Wednesday, November 03, 2010

Park Service hopes for more racially diverse visitors

As the National Park Service works to increase attendance at the country's 393 national parks, it hopes to improve diversity by attracting black visitors. The 285.5 million visitors to national parks in 2009 were "overwhelmingly non-Hispanic whites, with blacks the least likely group to visit," Mireya Navarro of The New York Times reports. "That reality has not changed since the 1960s, when it was first identified as an issue. The Park Service now says the problem is linked to the parks’ very survival."

The issue gained some celebrity support when The Oprah Winfrey Show devoted a full-hour in response to Yosemite National Park ranger Shelton Johnson's (photo above, by Max Whittaker for The New York Times) letter about how few of his fellow African-Americans visit national parks. The first half of the segment, which was filmed at Yosemite, aired Friday with part two scheduled to air on Wednesday. "If the American public doesn’t know that we exist or doesn’t care, our mission is potentially in jeopardy," Jonathan B. Jarvis, who took over as director of the Park Service last year, said. "There’s a disconnect that needs addressing."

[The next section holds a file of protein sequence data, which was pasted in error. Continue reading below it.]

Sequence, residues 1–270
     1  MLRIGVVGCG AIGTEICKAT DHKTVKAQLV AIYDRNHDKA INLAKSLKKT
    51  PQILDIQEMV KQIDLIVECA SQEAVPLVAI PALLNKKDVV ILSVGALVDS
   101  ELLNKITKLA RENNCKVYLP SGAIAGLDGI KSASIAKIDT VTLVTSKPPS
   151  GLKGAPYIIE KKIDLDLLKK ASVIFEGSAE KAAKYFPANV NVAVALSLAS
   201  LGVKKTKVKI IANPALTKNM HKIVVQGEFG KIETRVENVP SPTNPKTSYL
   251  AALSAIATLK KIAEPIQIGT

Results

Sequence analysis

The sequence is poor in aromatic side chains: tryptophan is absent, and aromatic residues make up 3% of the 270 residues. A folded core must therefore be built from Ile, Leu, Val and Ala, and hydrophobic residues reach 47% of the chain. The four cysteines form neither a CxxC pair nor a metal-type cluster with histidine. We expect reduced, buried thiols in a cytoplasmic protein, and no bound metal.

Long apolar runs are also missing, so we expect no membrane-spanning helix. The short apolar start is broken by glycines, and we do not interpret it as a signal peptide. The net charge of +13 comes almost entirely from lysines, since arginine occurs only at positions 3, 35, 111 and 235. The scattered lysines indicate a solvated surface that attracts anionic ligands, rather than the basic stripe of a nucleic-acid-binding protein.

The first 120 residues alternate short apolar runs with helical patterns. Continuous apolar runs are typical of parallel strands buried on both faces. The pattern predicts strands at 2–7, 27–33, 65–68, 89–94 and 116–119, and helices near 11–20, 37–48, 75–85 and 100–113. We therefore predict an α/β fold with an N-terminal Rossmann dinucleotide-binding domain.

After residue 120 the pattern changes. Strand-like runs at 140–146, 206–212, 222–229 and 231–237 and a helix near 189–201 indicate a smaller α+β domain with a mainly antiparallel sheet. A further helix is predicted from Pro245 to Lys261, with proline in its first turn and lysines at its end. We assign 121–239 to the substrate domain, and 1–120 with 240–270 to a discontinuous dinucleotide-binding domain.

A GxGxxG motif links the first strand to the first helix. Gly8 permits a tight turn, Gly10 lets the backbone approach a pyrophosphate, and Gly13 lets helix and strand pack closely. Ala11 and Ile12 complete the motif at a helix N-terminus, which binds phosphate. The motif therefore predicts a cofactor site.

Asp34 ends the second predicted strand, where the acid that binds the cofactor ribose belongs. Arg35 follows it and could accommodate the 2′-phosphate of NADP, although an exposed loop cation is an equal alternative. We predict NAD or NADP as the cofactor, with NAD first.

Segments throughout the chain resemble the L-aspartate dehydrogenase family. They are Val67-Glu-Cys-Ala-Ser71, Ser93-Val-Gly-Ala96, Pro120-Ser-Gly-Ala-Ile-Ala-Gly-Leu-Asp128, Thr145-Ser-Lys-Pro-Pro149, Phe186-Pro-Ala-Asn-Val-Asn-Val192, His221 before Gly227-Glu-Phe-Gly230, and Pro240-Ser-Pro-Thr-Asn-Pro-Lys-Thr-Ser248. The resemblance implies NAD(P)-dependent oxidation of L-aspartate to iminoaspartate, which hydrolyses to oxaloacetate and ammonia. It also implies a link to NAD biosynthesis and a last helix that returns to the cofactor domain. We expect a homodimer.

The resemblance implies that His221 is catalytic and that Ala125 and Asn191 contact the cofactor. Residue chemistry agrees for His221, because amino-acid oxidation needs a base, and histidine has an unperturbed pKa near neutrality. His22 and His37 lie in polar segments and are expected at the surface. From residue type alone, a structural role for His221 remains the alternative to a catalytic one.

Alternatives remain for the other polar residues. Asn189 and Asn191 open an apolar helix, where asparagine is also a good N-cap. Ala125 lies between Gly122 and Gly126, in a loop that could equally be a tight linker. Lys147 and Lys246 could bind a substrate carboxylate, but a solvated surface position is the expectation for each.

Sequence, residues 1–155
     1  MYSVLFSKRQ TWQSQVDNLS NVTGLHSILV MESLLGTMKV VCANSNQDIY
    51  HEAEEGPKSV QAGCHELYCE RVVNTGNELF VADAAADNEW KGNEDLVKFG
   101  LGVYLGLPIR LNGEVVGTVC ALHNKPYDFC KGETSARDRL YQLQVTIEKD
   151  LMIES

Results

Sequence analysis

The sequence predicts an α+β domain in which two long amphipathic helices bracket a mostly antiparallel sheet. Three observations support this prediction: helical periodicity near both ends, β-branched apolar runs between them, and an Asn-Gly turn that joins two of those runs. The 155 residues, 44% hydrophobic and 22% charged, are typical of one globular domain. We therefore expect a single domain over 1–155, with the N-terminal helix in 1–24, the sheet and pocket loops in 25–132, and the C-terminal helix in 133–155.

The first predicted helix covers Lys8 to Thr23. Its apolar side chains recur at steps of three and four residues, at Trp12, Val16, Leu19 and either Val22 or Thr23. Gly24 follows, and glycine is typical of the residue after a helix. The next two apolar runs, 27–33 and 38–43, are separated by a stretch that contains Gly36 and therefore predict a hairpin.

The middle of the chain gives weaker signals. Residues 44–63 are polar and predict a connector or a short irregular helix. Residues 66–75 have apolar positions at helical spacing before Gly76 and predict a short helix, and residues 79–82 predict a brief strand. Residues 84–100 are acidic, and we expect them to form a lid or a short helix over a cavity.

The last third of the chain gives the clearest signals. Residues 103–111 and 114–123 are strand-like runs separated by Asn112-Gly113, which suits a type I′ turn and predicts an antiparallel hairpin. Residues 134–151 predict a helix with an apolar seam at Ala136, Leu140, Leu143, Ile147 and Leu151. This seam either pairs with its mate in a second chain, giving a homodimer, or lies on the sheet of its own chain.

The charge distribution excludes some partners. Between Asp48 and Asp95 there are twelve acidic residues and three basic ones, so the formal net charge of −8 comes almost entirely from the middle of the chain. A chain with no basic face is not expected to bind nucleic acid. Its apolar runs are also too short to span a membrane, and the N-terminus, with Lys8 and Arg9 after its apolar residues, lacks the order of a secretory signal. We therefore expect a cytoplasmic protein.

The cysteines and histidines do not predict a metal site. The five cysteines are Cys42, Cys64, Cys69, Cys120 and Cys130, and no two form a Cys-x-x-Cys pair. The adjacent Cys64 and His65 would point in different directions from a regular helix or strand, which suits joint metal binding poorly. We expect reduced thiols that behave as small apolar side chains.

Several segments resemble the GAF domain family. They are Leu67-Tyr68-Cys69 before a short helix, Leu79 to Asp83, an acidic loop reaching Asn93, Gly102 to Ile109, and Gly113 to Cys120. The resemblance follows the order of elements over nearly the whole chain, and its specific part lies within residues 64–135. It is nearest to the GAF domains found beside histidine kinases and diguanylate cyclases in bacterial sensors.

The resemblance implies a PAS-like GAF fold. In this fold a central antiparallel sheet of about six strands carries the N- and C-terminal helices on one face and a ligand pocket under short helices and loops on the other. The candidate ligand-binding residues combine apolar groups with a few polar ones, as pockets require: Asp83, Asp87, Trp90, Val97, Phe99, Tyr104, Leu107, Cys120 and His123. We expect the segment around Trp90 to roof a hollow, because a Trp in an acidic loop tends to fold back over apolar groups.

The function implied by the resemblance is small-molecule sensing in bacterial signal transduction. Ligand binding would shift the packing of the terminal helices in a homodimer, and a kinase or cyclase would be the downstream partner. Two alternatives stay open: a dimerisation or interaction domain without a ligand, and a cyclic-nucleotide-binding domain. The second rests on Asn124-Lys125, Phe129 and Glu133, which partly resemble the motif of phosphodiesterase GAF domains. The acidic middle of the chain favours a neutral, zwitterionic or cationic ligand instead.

"In a comprehensive survey it commissioned in 2000, only 13 percent of black respondents reported visiting a national park in the previous two years," Navarro writes. "That compared with 27 percent for Latinos, 29 percent for Asians and 36 percent for whites." Jim Gramann, a visiting social scientist with the Park Service who is overseeing a review of a follow-up survey in 2008 and 2009, said the gap persisted. "It’s all layered," said Carolyn Finney, an assistant professor of environmental science policy at the University of California, Berkeley, who is working on a book about blacks’ relationship to the natural environment. "You need ways to make people think about the parks differently." (Read more)

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